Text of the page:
Tightening premiums are often a sign of a strong credit market, but recently it’s more about dislocations in the yield curve due to central bank interventions.
As the Reserve Bank of India (RBI) tries to tame borrowing costs amid the pandemic, spreads on five- and 10-year rupee corporate bonds that usually move in lockstep have diverged, with premiums on the shorter notes falling. The problem is that it’s not happening because of strong demand.
It’s a byproduct of the RBI focusing on keeping the benchmark 10-year sovereign yield from rising. That’s sparking an increase in corporate premiums based on the rate, while some shorter company spreads decline.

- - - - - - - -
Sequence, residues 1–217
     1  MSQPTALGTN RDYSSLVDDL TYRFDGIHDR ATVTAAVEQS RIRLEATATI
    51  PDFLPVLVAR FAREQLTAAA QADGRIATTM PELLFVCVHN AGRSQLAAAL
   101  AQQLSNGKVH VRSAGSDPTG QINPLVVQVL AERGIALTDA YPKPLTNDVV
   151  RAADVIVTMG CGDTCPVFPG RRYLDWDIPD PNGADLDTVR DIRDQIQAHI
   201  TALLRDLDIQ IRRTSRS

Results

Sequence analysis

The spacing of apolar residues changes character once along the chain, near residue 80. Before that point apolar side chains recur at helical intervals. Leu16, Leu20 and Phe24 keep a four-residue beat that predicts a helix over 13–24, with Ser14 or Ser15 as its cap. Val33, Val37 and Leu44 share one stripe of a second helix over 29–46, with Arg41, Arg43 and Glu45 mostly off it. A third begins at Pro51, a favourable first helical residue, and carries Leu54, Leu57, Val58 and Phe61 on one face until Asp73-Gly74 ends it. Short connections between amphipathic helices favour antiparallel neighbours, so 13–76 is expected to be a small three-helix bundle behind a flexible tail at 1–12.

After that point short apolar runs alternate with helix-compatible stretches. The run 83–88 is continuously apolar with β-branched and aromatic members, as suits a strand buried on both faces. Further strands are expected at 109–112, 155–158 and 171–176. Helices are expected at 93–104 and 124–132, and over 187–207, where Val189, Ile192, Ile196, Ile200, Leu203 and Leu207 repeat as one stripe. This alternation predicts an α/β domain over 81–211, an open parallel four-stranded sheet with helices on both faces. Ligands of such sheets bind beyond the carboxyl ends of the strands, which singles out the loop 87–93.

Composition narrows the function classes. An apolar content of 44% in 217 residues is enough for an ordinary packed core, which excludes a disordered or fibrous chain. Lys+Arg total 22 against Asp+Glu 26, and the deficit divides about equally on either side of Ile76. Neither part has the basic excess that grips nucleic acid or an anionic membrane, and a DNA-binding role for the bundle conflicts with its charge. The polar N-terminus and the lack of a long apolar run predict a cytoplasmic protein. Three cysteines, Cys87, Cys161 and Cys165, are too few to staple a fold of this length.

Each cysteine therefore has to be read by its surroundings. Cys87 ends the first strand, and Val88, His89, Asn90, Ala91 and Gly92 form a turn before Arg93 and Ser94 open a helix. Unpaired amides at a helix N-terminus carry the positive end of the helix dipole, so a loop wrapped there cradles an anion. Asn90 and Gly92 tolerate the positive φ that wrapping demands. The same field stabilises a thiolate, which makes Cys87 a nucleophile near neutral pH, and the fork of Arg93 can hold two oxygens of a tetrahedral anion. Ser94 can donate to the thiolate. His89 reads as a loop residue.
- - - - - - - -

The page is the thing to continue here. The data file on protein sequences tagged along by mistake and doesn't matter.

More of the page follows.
“The RBI should probably pay more attention to corporate bond spreads across the curve,” said Suyash Choudhary, head of fixed income at IDFC AMC. “This would also entail curbing spreads on semi-liquid government bonds that then directly compete with corporate bonds, especially in the medium-duration space where corporate bond issuance needs may be higher.”
The dislocation is affecting debt sales too. The number of rupee corporate bond issues due in more than five years since February 1, when the government announced higher-than-expected borrowings, has jumped to 66, the most in four years for the period, Bloomberg-compiled data show. Issues with tenors of as much as five years dropped to 166, the least in eight years.
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